July/August 1989 - VOLUME 10 - NUMBERS 7 AND 8
B O O K R E V I E W
Muckraking or Money Making
The period from 1968 to 1975 is one of particular importance to the development of new leadership in the newspaper world. The Vietnam War, the assassinations of Reverend Martin Luther King Jr. and President John and Robert Kennedy, urban riots and Watergate convulsed the nation and had repercussions within the newspaper industry as well. Indeed, the general upheaval during this time was focused and amplified within these organizations. In Ellis Cose's book, The Press, the vision of an old order slowly giving way to new and fresh attitudes at the papers is depicted through sketches of Ben Bradlee, Don Graham, Otis Chandler, Arthur Ochs "Punch" Sulzberger, Abe Rosenthal and the men or viewpoints they replaced.
The book's treatment of its subject matter is uneven, offering an important but limited perspective on the changes taking place. Cose describes the time of transition at The Washington Post, Los Angeles Times, New York Times, and the Gannett and Knight-Ridder empires. But his personal portraits of the major characters involved, while occasionally providing insight into their behavior, tend to be shallow and even simplistic. Some of the most revealing narrative episodes concern issues of race within the newsroom and the relationship of the world inside journalism to the one outside.
Cose captures the feeling of immediacy of a daily news operation but his work sometimes suffers from an overly strong identification with management concerns. He glorifies the growth in coverage, size and profitability that took place under the new management and fails to assess the negative impact of such growth as the papers evolved into what Ralph Nader calls "corporate conglomerate[s] ... with a bottom-line mentality."
Cose describes this evolution, primarily through the eyes of the new managers as they face conflicts over racism, paternalism to the home market in the age of mass media and their institutions' relationship to the government. The Washington Post serves as an example for this review, reflecting the changes that took place at many newspapers across the country.
At The Post in the mid-1960s, any coverage of Washington D.C.'s racial tension was considered disloyal to the city. In 1966, Ben Gilbert and Ben Bradlee, assistant managing editor for local news and managing editor respectively, clashed over a story by a reporter whom Bradlee had recently recruited. The story involved one of the frequent conflicts between the District police force and black youths in the city. After a shouting match with Gilbert, Bradlee finally overruled him and ran the story. Cose gives Bradlee credit for wanting greater coverage and objectivity, saying "He did not share Gilbert's enthusiasm for boosterism. He wanted to make The Post belligerently independent."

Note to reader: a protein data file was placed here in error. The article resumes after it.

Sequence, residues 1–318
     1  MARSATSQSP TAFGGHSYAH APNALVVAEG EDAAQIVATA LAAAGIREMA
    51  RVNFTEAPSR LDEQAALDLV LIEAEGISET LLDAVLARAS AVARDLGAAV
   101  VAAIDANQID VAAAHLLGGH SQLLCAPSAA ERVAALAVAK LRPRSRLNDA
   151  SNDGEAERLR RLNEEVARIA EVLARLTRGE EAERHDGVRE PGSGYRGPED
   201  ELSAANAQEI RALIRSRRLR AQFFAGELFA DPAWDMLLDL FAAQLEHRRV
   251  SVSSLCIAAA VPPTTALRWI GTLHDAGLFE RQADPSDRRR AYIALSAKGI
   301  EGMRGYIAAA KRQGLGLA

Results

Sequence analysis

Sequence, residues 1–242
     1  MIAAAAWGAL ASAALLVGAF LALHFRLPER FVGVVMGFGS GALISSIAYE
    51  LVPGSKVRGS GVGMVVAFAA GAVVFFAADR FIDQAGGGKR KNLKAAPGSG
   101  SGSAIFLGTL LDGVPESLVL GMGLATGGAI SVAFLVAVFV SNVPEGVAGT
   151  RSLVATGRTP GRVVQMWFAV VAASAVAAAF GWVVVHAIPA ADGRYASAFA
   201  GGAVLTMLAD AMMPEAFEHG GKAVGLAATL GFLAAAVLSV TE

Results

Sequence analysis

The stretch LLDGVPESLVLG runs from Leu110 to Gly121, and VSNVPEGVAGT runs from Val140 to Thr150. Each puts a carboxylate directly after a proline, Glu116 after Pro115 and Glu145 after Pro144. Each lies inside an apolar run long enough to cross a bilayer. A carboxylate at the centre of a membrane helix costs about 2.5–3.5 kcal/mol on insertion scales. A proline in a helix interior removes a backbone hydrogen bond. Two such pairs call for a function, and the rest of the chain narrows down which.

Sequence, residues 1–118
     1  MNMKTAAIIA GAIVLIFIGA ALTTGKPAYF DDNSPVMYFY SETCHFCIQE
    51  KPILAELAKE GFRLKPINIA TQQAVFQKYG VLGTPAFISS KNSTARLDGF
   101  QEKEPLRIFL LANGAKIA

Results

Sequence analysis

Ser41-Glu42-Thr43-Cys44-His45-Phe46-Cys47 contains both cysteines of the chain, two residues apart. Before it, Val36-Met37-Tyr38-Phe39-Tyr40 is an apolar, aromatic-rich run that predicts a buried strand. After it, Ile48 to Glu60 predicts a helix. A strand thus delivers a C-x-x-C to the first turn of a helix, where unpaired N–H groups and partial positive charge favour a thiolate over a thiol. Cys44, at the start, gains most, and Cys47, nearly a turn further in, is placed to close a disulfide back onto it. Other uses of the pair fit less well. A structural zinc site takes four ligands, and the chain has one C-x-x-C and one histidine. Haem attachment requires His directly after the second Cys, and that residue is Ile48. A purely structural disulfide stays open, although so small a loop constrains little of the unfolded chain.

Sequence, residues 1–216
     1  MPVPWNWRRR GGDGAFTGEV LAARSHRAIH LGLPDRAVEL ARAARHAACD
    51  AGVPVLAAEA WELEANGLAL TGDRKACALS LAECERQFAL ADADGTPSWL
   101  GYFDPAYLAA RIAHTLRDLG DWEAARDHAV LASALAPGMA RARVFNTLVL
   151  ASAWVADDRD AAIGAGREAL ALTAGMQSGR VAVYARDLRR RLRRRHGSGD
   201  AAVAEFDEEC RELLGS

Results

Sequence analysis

The Post came of age with Bradlee's and Donald Graham's rise to power, with a new team of reporters and managers and with the climactic events of the early seventies including the publication of the Pentagon Papers. The Post's Howard Simon told Cose that the Pentagon Papers were the beginning of a competition of equals between The Times and The Post. Simons said, "until the Pentagon Papers, The Post hadn't made some sort of ultimate commitment to go super first class," and Cose explains that "For Bradlee, the Pentagon Papers rivalled Watergate in importance."
The Post's decision to go "first class" had a down side as well, according to Cose. Along with the acclaim, there was criticism of an overzealousness, exemplified by the "Jimmy's World" incident (the Janet Cooke story which was exposed, long after publication, as a complete fabrication). That story's demise had a sobering effect on the new stars of the invigorated press who were brought face-to-face with the flip side of the fame and glory which accompanied the Watergate investigation.
The business side of The Post's operation was changing too. In The Progressive, John Hanrahan writes that "over the last 15 years, Katherine and Donald Graham have made The Post one of the most profitable papers in the country--an investor's delight." According to Hanrahan, this transformation took place at the expense of the workers and their union. Yet, in Cose's book, Don Graham appears as a kind of management hero who brings responsibility and tough-mindedness to the paper. The Post press operators and their union appear as early obstacles to his plans for the company.